Medford police looking to fight fentanyl epidemic with trained K-9’s

MEDFORD, Ore. – The Medford Police Department has the first K-9’s trained in detecting fentanyl in the state.

These K-9’s are not only the first to detect fentanyl in the state but possibly one of the first programs in the country.

It’s all thanks to MPD’s K-9 handler who wanted to get his dog’s certified.

“We’re trying to fight and combat this battle of fentanyl and it’s at epidemic levels,” Medford K-9 officer Robert Havice said.

The fight to curtail the fentanyl epidemic is taking a big step forward in Medford.

The Medford Police Department has the first K-9’s trained in detecting fentanyl in the state.

Havice decided about nine months ago he would get both his dogs certified to sniff out the dangerous drug.

“As a state k-9 trainer I had to kind of develop a program and kind of just went out and did a lot of it on my own and doing the research and such,” he said.

Havice found a company that was able to provide resources to safely train the dogs.

He says he developed the program because no other police K-9 association in the country had dogs trained to find fentanyl.

That’s why Havice believes MPD is one of the first in the country to do this.

“I reached out to the other policy K-9 associations across the U.S. to find out if any of them are certifying in fentanyl and I couldn’t find one,” he said. “No one had done one yet, they had not found a safe way to do it. And just had not developed a program.”

The K-9’s have already been out assisting MPD in the field for about a month finding large quantities of the drug.

But both Nacho and Max have been sniffing out various drugs in the city for years.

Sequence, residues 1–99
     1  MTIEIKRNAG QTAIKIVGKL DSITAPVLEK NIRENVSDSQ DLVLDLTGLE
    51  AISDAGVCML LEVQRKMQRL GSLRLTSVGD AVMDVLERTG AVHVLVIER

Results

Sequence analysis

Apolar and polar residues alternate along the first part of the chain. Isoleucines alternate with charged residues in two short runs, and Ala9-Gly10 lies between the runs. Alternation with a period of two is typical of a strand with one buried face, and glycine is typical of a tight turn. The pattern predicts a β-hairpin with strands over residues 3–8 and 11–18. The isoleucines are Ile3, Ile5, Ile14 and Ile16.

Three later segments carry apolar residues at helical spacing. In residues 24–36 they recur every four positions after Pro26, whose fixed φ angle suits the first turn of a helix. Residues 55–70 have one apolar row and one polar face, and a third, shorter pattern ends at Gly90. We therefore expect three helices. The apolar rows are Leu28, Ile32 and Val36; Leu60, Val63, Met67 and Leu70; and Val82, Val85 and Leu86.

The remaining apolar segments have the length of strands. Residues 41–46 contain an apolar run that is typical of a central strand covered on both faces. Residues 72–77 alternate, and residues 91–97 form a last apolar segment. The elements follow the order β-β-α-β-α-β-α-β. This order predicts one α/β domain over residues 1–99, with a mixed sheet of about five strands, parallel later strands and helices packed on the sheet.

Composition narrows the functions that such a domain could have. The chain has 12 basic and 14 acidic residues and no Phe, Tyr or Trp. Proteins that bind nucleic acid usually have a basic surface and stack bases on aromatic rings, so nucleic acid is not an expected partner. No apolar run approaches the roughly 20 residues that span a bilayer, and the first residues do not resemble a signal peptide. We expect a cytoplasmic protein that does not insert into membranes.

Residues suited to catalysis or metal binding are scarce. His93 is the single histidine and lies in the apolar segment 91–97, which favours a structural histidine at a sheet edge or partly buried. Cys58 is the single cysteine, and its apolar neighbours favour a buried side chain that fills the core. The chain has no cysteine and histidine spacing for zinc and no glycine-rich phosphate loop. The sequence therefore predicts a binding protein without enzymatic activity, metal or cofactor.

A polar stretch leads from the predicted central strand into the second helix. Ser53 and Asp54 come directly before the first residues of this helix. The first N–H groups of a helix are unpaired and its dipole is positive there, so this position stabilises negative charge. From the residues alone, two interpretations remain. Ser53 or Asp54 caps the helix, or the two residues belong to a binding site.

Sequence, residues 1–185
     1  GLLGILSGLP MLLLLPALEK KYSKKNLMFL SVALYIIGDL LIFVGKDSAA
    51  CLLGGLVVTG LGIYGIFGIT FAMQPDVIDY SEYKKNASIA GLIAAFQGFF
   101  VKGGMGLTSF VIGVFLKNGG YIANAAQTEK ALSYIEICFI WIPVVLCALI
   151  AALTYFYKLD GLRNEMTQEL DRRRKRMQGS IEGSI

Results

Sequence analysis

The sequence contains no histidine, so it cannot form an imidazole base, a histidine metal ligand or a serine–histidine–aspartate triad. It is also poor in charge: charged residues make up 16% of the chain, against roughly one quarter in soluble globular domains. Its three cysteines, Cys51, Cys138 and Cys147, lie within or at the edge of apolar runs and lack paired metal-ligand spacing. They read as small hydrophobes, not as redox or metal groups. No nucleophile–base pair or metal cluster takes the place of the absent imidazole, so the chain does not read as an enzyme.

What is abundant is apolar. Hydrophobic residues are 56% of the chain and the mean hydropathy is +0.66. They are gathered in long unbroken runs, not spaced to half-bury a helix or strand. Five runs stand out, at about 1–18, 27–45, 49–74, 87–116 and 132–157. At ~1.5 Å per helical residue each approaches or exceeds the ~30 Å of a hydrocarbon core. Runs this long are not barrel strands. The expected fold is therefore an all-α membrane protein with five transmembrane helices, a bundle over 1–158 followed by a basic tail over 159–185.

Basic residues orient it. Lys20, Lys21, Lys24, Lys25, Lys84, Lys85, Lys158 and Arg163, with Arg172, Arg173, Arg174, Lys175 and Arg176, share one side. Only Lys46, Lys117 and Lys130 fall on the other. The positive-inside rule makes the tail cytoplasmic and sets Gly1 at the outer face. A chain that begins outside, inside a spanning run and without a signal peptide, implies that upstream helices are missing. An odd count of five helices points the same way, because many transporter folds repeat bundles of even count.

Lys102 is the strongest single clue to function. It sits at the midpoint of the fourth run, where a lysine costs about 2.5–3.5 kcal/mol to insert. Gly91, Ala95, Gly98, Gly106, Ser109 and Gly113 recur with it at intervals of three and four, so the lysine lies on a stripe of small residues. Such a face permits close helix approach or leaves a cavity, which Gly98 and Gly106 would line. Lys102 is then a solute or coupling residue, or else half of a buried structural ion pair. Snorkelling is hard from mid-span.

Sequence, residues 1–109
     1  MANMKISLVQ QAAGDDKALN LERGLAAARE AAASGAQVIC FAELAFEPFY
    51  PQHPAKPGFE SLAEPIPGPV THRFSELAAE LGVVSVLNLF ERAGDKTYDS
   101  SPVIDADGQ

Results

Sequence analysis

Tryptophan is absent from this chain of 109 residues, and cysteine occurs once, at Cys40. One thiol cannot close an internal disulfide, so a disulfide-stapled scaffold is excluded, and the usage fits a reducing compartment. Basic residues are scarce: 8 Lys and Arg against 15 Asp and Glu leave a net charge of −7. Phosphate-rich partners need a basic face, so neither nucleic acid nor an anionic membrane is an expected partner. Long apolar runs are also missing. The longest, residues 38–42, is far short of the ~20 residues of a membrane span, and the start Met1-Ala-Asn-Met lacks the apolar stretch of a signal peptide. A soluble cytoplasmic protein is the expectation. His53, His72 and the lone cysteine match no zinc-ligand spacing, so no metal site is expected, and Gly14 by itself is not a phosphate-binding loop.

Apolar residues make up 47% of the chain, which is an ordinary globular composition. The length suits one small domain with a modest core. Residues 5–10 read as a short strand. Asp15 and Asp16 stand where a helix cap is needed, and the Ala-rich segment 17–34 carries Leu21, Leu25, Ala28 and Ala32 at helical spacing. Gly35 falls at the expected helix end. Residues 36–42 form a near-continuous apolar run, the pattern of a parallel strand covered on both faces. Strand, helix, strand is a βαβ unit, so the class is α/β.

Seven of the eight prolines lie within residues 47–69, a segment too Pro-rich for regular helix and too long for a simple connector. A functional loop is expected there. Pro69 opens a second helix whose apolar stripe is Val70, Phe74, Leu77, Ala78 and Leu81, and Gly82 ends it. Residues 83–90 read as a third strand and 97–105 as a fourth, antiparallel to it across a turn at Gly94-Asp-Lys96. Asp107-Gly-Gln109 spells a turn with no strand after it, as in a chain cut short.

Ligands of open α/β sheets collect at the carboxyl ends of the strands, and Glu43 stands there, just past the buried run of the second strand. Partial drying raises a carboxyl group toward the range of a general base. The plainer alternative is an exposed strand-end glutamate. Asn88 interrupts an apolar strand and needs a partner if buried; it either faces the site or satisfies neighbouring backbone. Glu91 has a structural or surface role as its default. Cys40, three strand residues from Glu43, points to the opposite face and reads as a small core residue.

Don’t worry though, Havice says it isn’t dangerous for them.

“They’ve already been sniffing these odors for several years,” he said. “Because we’ve been coming in contact with fentanyl out on the streets while we’re looking for other drugs. It hasn’t caused any harm to them.”

The hope is these trained K-9’s will help reduce fentanyl use in Medford.

“Our initial goal is to just serve the community better,” Havice said. “Take more fentanyl off the streets where will in turn save lives and that’s the goal of the city. Serving the community, saving lives, making it safer on the streets of Medford.”

Havice said they’ve already received calls from other police departments about this.

He said they are open to helping others develop their own program to certify more K-9s.

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NBC5 News reporter Zachary Larsen grew up in Surprise, Arizona. He graduated from Arizona State University's Walter Cronkite School of Journalism. At ASU, Zack interned at Arizona Sports 98.7FM and Softball America. During his Junior year, Zack joined the ASU Sports Bureau. He covered the Fiesta Bowl, the Phoenix Open and major basketball tournaments. Zack enjoys working out, creative writing, music, and rooting for his ASU Sun Devils.
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